Reading the Stars: Virgo Book Recommendations

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The earth sign Virgo is ruled by the planet Mercury and represented by the Maiden. Born between August 22 and September 21, Virgos are highly analytical, inquisitive, methodical perfectionists. They are often characterized by their spontaneous helpfulness, humility, and a general compulsion to create order out of chaos. Virgos may often give an outward impression of calm authority while internally feeling keenly aware of their own restless, controlled intensity and desire to be rearranging or improving. They are generally ambitious, but not just for money; they want to know more, gain in wisdom, and put this wisdom to practical use. Virgos’ symbol – the Maiden – stands for purity of purpose. This can be seen in their desire to utilize the gifts they possess to nourish the world around them. Below is a list of great recommendations for our Virgo readers:


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Euphoria by Lily King

In 1933, three young, gifted anthropologists are thrown together in the jungle of New Guinea. They are Nell Stone, fascinating, magnetic and famous for her controversial work studying South Pacific tribes, her intelligent and aggressive husband Fen, and Andrew Bankson, who stumbles into the lives of this strange couple and becomes totally enthralled. Within months the trio are producing their best work ever, but soon a firestorm of fierce love and jealousy begins to burn out of control, threatening their bonds, their careers, and, ultimately, their lives.



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Outer Order, Inner Calm by Gretchen Rubin

Creating order can make our lives happier, healthier, more productive, and more creative. But for most of us, a rigid, one-size-fits-all solution doesn't work. When we tailor our approach to suit our own particular challenges and habits, we can find inner calm. With a sense of fun, and a clear idea of what’s realistic for most people, Rubin suggests dozens of manageable tips and tricks for creating a more serene, orderly environment. By getting rid of things we don’t use, don’t need, or don’t love, we free our minds (and our shelves) for what we truly value.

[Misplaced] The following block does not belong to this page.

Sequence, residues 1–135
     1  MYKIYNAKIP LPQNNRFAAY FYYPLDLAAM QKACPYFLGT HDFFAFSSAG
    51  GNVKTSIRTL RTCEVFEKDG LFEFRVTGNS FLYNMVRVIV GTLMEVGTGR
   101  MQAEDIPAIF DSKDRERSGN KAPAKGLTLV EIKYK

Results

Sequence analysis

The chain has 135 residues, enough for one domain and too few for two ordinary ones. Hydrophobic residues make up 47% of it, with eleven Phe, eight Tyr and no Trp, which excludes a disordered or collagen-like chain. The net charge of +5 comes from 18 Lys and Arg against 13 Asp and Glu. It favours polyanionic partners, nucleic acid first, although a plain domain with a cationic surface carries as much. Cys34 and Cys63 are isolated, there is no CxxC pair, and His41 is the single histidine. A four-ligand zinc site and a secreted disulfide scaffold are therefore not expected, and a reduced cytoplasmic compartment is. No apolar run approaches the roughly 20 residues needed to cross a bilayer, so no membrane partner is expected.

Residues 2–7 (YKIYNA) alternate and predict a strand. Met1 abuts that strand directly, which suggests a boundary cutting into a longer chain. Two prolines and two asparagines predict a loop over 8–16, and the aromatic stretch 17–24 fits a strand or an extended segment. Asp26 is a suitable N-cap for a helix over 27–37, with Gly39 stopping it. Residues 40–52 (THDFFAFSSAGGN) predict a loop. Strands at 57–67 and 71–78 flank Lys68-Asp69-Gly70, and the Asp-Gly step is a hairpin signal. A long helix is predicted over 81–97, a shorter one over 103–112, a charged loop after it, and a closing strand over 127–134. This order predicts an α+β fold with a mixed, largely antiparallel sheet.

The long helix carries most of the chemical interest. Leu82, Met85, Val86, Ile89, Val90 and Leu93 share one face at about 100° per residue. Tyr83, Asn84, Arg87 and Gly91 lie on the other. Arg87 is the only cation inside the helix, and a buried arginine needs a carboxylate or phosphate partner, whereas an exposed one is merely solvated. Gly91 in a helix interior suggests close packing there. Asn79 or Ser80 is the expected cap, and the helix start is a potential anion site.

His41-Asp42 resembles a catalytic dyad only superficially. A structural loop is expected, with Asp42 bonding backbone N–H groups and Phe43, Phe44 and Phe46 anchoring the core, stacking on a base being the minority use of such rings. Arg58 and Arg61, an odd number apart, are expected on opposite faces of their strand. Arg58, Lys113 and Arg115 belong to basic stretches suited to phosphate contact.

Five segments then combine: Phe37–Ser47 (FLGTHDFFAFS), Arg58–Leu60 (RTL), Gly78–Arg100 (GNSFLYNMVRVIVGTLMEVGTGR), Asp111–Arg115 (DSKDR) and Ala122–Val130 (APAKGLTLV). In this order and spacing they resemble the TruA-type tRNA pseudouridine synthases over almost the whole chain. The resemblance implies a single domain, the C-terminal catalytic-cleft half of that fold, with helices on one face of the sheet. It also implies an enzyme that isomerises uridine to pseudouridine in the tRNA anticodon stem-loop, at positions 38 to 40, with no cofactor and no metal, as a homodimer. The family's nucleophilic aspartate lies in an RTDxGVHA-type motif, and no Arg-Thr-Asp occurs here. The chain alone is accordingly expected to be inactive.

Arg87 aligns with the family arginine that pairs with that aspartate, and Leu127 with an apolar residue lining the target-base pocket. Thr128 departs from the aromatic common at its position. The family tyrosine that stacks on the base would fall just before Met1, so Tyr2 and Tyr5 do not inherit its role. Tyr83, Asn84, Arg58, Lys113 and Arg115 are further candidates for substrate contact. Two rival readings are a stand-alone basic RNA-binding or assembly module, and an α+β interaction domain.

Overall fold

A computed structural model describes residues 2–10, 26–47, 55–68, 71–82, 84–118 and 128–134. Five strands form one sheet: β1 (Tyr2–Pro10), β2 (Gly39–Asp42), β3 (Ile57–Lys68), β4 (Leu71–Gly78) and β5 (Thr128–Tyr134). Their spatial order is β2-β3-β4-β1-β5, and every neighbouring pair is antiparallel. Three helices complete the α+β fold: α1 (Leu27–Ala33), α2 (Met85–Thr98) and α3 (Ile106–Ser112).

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Little Women by Louisa May Alcott

Here are talented tomboy and author-to-be Jo, tragically frail Beth, beautiful Meg, and romantic, spoiled Amy, united in their devotion to each other and their struggles to survive in New England during the Civil War. This novel explores such timeless themes as love and death, war and peace, the conflict between personal ambition and family responsibilities, and the clash of cultures between Europe and America.



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One Day in December by Josie Silver

Laurie is pretty sure love at first sight doesn't exist anywhere but the movies. But then, through a misted-up bus window one snowy December day, she sees a man who she knows instantly is the one. Their eyes meet, there's a moment of pure magic...and then her bus drives away. Laurie spends a year scanning every bus stop and cafe in London for him but doesn’t find him. Instead they "reunite" at a Christmas party, when her best friend Sarah giddily introduces her new boyfriend to Laurie. It's Jack, the man from the bus. What follows for Laurie, Sarah and Jack is ten years of friendship, heartbreak, missed opportunities, roads not taken, and destinies reconsidered.



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The Uninhabitable Earth by David Wallace-Wells